On January 13 2021 the Irish Taoiseach Michéal Martin made a public apology to the survivors of mother and baby homes. ‘It is the duty of a republic’ he said, ‘to accept parts of our history which are deeply uncomfortable’. Martin’s predecessors made similar apologies. In May 1999, then Taoiseach Bertie Ahern apologised to victims of Industrial Schools, offering ‘a sincere and long overdue apology…for our collective failure to intervene’. In February 2013, Enda Kenny apologised to victims of Magdalen Laundries; ‘I, as Taoiseach, on behalf of the State, the government, and our citizens deeply regret and apologise unreservedly to all those women for the hurt that was done to them’. However, for many, these institutions are not simply a thing of the past; their legacy, and the actions of the current government, continue to impact negatively on the lives of survivors.Read more
Posts from the ‘Aoife O’Leary McNeice’ Category
By Aoife O’Leary McNeice (@aolmcn)
The coast surrounding Cork Harbour is dappled with little holiday cottages. Ivy and gorse break through the flimsy plywood walls of these boxy bungalows, and paint flakes off to reveal the curious industrial origins of these summer homes. These bungalows started life in the Ford Motors Factory, which opened in Cork City in 1919, and manufactured Fordson Tractors.Read more
‘Paying it forward’: Bonds of giving between Ireland and the Cherokee, Choctaw, and Navajo Nations from the Irish Famine to COVID-19.
In the mid 1840s and early 1850s, Ireland was ravaged by a Famine which, through a combination of death and emigration, saw the population fall by a third. The horrors of the Famine were reported globally, and the crisis, unfolding in almost real time in the newspapers of readers worldwide prompted an outpouring of global sympathy.
Ireland received approximately two million pounds of overseas donations, which came from businessmen in New York, naval vessels in the Indian Ocean, and prisoners serving time on the remote penal settlement of Norfolk Island in the Pacific Ocean. Some of these donations have lingered longer in Irish popular historical memory than others, and the strength of these memories are such that they continue to shape Ireland’s relationship with overseas communities. Read more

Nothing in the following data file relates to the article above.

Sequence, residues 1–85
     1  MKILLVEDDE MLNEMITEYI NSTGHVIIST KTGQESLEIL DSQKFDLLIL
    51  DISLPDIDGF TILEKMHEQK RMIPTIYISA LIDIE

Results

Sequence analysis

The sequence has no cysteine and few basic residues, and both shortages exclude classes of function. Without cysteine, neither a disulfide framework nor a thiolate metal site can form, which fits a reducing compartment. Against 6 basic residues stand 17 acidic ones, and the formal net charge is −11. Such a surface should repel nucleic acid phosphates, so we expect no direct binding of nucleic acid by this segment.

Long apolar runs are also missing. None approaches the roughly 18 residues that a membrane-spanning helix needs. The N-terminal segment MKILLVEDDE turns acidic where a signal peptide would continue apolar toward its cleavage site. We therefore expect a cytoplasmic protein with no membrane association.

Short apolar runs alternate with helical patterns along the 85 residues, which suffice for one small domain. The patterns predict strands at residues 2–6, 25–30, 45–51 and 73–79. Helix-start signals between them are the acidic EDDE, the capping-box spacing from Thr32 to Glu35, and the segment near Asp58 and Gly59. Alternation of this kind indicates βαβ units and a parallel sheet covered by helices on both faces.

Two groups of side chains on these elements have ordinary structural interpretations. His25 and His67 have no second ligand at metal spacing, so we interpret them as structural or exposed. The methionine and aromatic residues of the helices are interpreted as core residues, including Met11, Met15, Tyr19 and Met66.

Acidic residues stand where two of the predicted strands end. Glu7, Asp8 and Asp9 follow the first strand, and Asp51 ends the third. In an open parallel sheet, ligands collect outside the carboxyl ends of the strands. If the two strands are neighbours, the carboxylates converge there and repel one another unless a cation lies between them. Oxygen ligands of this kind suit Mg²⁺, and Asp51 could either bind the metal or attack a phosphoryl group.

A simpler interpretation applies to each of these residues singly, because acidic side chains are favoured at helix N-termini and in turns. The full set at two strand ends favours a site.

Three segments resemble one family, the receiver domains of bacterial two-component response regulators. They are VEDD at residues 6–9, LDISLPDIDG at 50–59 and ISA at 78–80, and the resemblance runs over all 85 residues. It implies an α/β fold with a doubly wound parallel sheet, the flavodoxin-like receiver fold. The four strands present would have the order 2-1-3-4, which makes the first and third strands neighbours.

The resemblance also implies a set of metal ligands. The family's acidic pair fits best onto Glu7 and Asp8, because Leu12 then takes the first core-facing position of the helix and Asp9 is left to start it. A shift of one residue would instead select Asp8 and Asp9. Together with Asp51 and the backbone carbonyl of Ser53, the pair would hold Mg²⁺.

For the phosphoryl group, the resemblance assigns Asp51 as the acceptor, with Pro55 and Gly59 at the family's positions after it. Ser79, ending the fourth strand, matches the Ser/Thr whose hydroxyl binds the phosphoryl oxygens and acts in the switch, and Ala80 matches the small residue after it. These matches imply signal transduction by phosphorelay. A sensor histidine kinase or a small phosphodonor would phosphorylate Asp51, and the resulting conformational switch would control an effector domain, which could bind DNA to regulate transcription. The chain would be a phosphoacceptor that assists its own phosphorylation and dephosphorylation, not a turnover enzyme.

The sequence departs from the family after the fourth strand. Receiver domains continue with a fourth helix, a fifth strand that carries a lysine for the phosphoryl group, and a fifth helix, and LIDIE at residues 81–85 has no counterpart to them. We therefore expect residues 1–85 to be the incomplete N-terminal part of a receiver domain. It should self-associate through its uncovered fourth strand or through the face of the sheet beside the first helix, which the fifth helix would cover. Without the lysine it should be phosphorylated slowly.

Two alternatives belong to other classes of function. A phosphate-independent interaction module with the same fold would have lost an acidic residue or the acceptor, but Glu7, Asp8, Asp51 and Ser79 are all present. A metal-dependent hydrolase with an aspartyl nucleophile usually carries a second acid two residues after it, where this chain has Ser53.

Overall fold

For the past one hundred years, Irish parliamentary politics has been dominated by two political parties, Fianna Fáil and Fine Gael. This is now no longer the case. Ireland’s recent general election saw the left wing party Sinn Féin emerge as the third ‘big party’ in Irish politics, gaining more first preference votes than either Fianna Fáil or Fine Gael (both centre right). Witnessing the frustrations of an electorate faced with a housing crisis and overcrowded hospitals during a period of alleged economic recovery, pundits and politicians alike identified a thirst for change. The election has produced a complicated political landscape, in which no single party has enough seats to form a majority. Weeks if not months of coalition talks are now likely. And whilst many are more focused on the future than the past, these three parties share a complicated, overlapping history. This shared past may still impact upon their ability to form a government together.
‘Unless I’m clean lost, we must now be somewhere near Sable Island. I’m expecting to hear the roar of its breakers any minute, and once the Francis gets amongst them, God help us all!’ These are the words of Captain Reefwell in James Macdonald Oxley’s 1897 adventure story The Wreckers of Sable Island. The Island already had a reputation as a dangerous site of multiple shipwrecks. A search on The Times digital archive for “Sable Island” produces 127 results from 1812 to 1899, most referring to shipwrecks. In 1812, with ‘the wind blowing hard… a heavy sea, and hazy weather’ HMS Barbados struck on the North West bar of Sable Island, and ‘notwithstanding every exertion, was lost’. Much of the ship’s cargo – sugar and rum, was not recovered. Thirty-five years later, the Anglo Saxon was lost off Sable Island, carrying an extensive cargo that included 500 barrels of pork, 5000 barrels of bread, and 25 barrels and boxes of relief for the Great Irish Famine. Read more